November 21, 2022
Crack out your footie shirts, apply that face paint and start practising Sweet Caroline – the Qatar 2022 world cup is finally here!
Yes, all around the world fans are getting ready to cheer their side on. Back here in the UK, we are all readying the £5 sweepstakes or scrambling to book annual leave.
We thought we would put together this little blog to give you a heads-up on some of the HR and Employment issues that might have you catch you offside during this exciting tournament.
Ready your squad
The warm-ups are in full swing (or sweat with the searing heat), matches are on the cusp of beginning and you need to be straight with your team on how you’re going to approach the world cup.
Having a game plan now may save you a lot of aggro in the next couple of weeks.
Make decisions now on your stance, gather your squad and lay out the match plan. If the match plan is “business as usual” – let them know. Be clear with your communications.
So, there are a couple of ways the avid fans can watch the matches that count for them:
- Annual leave
- Watching matches at work
- Temporary Flexible working or unpaid leave
- Pulling a sickie
Annual leave – For most employees annual leave is going to be the best bet for securing time off to watch, or even attend (if you’re lucky), the matches if they fall in work hours.
Once the group stages are over, matches are more sporadic, meaning employees who wish to have time off might only have a couple of days to book the leave depending on what the business’ rules and procedures are for booking holiday.
As a general rule, subject to anything different in the business’ rules, workers who want to take paid annual leave must give twice as many days’ notice in advance of the first day of leave as the leave’s duration.
This could throw managers in a bit of a pickle if on a Monday they get requests from their team to have the Friday off.
First thing is first, employers and managers should check their holiday policies and employment contracts to check for any rules around booking or refusing holiday.
It’s no good if a whole department books off the same time, so depending on the appetite and interest in the world cup, managers should have open conversations about who is seeking to take time off.
Watching matches at work
This is the manager’s call! Streaming matches at work can either boost well-being and moral, or completely distract your team. Managers will have to consider a sensible approach to this situation.
With many of our clients managing remote teams, managers may be concerned about employees viewing the match during work hours on their work computers. Can this be monitored? Do you want to monitor it? It is possible but may open a can of GDPR and privacy worms and what about building trust in your teams. Staff must be informed of why and how you are monitoring their activity.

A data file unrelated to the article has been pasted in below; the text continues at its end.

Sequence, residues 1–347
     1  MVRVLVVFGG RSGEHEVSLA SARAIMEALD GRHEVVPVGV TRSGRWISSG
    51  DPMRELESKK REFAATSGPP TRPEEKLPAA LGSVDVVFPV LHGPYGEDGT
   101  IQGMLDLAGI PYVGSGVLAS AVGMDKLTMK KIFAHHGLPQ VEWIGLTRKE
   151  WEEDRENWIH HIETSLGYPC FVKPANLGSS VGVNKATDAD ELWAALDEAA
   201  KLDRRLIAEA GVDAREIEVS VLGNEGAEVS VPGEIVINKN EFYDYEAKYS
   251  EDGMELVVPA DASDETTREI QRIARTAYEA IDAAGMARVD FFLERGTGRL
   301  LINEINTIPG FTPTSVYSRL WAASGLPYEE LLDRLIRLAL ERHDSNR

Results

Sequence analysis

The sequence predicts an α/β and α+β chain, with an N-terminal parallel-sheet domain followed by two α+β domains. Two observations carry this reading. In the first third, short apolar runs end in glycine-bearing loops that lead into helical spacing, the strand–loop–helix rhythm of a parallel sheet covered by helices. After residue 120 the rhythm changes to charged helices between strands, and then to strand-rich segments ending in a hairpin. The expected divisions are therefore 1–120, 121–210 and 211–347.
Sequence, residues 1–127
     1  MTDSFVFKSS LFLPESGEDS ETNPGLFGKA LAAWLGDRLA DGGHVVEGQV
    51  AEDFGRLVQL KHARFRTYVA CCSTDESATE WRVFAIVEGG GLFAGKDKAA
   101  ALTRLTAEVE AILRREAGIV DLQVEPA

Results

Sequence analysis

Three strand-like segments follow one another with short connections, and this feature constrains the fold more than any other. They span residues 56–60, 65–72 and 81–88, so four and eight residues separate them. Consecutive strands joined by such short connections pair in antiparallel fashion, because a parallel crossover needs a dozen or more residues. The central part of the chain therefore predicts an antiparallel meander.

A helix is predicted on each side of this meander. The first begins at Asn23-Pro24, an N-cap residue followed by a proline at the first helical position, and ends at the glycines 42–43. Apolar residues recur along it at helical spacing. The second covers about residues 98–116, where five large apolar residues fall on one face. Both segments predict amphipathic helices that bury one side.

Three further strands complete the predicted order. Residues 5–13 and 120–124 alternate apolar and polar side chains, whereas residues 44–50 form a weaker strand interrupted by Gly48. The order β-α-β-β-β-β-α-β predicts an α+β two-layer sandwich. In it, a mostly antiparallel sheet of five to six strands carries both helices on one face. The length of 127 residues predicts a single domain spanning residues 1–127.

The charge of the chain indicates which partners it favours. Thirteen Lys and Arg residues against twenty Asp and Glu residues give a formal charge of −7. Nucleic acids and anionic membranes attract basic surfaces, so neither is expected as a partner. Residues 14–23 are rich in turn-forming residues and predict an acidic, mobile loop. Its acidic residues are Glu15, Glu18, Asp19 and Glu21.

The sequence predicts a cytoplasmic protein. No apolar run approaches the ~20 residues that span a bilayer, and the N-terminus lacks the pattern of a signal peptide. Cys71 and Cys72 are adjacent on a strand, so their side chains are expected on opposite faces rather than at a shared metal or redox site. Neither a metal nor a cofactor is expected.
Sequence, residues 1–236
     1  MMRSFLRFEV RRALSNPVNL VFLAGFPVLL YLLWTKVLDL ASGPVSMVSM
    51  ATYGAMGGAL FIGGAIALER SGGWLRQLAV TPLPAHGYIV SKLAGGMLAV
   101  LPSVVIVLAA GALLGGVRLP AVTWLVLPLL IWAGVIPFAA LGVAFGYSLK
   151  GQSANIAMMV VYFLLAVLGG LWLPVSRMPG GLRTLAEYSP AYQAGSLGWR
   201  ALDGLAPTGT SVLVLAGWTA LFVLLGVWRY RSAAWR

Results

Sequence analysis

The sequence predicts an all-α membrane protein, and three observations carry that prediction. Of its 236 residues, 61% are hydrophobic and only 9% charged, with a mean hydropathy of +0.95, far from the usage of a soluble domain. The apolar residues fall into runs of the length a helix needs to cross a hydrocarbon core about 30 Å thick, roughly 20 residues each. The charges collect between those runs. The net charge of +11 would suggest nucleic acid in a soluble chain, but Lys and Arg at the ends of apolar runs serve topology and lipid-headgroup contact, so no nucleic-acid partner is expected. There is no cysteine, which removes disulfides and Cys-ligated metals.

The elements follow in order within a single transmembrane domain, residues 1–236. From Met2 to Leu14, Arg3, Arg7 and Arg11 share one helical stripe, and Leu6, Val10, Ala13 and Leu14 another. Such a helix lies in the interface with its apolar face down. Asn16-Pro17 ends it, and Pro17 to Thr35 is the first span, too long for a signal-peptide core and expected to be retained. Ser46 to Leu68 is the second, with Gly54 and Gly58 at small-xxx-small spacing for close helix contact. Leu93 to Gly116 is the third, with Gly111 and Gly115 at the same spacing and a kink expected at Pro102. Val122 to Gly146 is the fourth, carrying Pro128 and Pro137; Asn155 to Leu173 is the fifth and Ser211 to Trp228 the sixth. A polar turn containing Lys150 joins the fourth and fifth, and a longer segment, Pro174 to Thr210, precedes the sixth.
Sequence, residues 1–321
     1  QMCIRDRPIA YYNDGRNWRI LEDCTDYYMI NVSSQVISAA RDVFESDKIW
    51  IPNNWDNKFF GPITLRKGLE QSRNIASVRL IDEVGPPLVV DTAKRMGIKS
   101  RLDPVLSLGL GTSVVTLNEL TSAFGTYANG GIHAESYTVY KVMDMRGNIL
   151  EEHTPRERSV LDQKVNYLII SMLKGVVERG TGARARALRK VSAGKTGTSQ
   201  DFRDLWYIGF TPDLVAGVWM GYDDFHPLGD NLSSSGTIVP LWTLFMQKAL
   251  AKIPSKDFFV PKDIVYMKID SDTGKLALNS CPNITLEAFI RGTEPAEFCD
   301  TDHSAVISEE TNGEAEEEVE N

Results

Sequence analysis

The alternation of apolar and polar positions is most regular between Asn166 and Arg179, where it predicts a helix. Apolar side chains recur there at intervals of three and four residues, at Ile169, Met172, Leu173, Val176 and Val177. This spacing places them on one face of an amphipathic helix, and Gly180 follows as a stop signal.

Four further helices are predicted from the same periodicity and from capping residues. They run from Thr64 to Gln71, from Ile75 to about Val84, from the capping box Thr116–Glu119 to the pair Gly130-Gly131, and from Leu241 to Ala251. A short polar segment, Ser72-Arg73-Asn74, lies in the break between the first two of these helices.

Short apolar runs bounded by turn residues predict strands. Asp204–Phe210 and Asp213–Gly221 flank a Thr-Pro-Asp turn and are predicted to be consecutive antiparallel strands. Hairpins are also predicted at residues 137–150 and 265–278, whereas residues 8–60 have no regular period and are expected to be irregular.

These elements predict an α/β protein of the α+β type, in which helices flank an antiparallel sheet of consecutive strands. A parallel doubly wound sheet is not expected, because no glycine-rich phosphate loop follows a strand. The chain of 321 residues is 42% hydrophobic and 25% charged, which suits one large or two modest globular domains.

If you suspect that poor performance is a result of sneaky (unauthorised) sports viewing, this may then lead to considering going down a disciplinary route. Might you just rather address this head on before it becomes an issue and get some rules in place about the world cup viewing. For example, we talk about temporary flexible working below as one option.
Temporary flexible working or Unpaid Leave
“Can I work earlier and finish earlier?”
“Can I work from home and have the match on in the background”
For most companies, December is the end of the holiday year, meaning many employees are likely to have spent their holiday allowance or keeping some for the Christmas festivities.
This means that many employees may instead ask informally for temporary flexible working arrangements. Managers should consider business and client needs carefully before allowing this.
There could be capacity issues if, say, there are less people in one morning or afternoon because of the scheduling of a popular match at 10am or 1pm. If allowances are made, employees should be made aware that performance and output is expected to be the same!
Granting unpaid leave is another option to consider.
Pulling a sickie
Okay, some people may be genuinely sick and can’t come in.
But there could be cases of calling in sick to watch the match or self-inflicted hangovers from celebrations the night before. The important thing is for managers to follow their own sickness absence policies and procedure.
If you suspect that an employees sickness is not genuine, or you have evidence it is not so, speak to HR to look at whether it would be appropriate to initiate disciplinary proceedings.
A word on discrimination…
Maradona once said “football isn’t a game, or a sport, it’s a religion” – But, no, Diego Maradona has no jurisdiction (not in the UK at least).
This means that you aren’t discriminating against an employee for not letting them watch their team assuming that is an across-the-board decision of course.
There are 32 nations in the world cup and our offices are filled with a wonderful mix of people from all over the place so letting the England fans have time off to watch a match and not the Welsh would likely be discrimination if the decision was based purely on nationality.
Managers should be mindful of this when making decisions about watching the games to avoid any discrimination Red Cards!
Also given the controversy around the location of the world cup, its human rights record and its treatment of the LGBTQ+ community alongside deep-seated rivalries that can rear their heads with sports events involving competing nations, managers should think of reminding staff to be sensitive to other people's views and make sure there isn’t any unacceptable “banter” that goes too far, is offensive and ultimately discriminatory.